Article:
Government-employee unions in Illinois waste their members’ dues

Paul Kersey

Labor law expert, occasional smart-aleck, defender of the free society.

Paul Kersey
/ Labor
August 20, 2014

Government-employee unions in Illinois waste their members’ dues

Nearly all government employees are forced to pay money to a union as a condition of keeping their jobs. And it’s not cheap. The forced dues can reach as high as $1,000 per year in the case of Chicago public school teachers. Union officials can count on hundreds of millions of dollars a year in...

Nearly all government employees are forced to pay money to a union as a condition of keeping their jobs. And it’s not cheap. The forced dues can reach as high as $1,000 per year in the case of Chicago public school teachers. Union officials can count on hundreds of millions of dollars a year in required dues and fees.

Those officials say they need all this money to represent workers effectively, but union spending reports filed with the U.S. Department of Labor tell a very different story. Our review of those reports showed that the most powerful government unions in Illinois either wasted member dues or diverted them into political causes.

Basic workplace representation – the main reason workers join unions – made up less than half of all spending for three of the state’s most influential union groups. For every dollar the Illinois Education Association, or IEA, spent, only 28 cents went to representation. For the Illinois Federation of Teachers , or IFT, that figure was 43 cents, and the state Service Employees International Union, or SEIU, Leadership Council spent only 23 cents out of every dollar on representation. The American Federation of State, County and Municipal Employees Council 31 was less bad than the rest, but barely half of its spending was on representation – 51 cents out of an average dollar.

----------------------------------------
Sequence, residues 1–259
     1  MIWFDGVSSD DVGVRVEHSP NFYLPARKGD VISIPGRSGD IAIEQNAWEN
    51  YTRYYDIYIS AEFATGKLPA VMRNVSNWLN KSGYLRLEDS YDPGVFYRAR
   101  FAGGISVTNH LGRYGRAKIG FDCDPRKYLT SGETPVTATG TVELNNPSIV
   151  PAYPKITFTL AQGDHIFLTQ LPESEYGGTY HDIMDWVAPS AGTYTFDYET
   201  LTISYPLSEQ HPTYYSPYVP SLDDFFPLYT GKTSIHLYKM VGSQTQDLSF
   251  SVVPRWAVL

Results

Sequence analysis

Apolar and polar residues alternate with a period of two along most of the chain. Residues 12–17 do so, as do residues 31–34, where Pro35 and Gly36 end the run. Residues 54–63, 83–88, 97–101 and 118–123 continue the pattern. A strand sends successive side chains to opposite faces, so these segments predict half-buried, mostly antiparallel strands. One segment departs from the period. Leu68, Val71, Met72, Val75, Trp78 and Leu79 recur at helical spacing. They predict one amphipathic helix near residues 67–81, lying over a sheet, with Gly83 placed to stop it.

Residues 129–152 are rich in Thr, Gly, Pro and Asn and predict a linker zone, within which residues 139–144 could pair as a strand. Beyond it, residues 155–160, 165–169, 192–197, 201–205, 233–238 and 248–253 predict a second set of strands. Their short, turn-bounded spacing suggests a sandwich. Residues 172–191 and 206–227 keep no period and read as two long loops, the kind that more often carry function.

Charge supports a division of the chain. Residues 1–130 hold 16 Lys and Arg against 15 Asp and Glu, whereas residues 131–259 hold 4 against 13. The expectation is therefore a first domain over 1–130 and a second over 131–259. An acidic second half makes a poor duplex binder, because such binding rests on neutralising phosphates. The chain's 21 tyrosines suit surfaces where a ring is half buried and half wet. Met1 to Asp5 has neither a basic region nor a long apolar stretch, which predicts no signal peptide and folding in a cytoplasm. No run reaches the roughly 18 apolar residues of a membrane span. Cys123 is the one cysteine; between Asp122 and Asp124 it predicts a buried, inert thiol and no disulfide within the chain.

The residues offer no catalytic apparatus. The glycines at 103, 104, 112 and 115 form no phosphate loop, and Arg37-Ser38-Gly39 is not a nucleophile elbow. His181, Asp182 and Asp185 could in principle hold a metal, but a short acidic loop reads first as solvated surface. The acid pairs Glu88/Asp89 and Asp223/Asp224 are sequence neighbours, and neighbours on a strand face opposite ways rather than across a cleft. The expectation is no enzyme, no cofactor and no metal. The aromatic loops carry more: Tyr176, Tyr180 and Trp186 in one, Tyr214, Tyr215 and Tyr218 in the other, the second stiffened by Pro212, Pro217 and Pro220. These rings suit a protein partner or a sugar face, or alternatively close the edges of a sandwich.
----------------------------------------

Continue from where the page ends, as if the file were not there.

Experts on nonprofit management generally agree that a well-run nonprofit should spend two-thirds or more of its budget on its core program. If anything, expectations for unions should be higher, because mandatory dues relieve them of the burden of having to raise their own funds, a luxury that most nonprofits could only dream of.

So, if the unions aren’t spending their money on representation, where does it go? For the IEA, IFT, and AFSCME the answer was overhead and administration. Overhead and administrative costs made up two-thirds of the IEA’s spending, and spending in this category was high at the IFT and AFSCME Council 31 as well.

For the SEIU Illinois Leadership Council, politics and lobbying made up the lion’s share of expenditures. The union admitted that 44 cents out of every dollar went to politics, but the group also made a lot of contributions to allied nonprofits, practically all of whom were political or ideological. When you take that into account, more than 71 cents out of every dollar went into union politics or to the SEIU’s political allies.

Teachers, prison guards, clerks, health-care workers and other government employees throughout Illinois are forced to pay dues and fees. Way too much of their hard-earned money is being wasted. The unions’ rationalizations for extracting dues just don’t hold up to scrutiny. Workers in Illinois should have the freedom to decide for themselves whether or not to join and pay up.

Want more? Get stories like this delivered straight to your inbox.

Thank you, we'll keep you informed!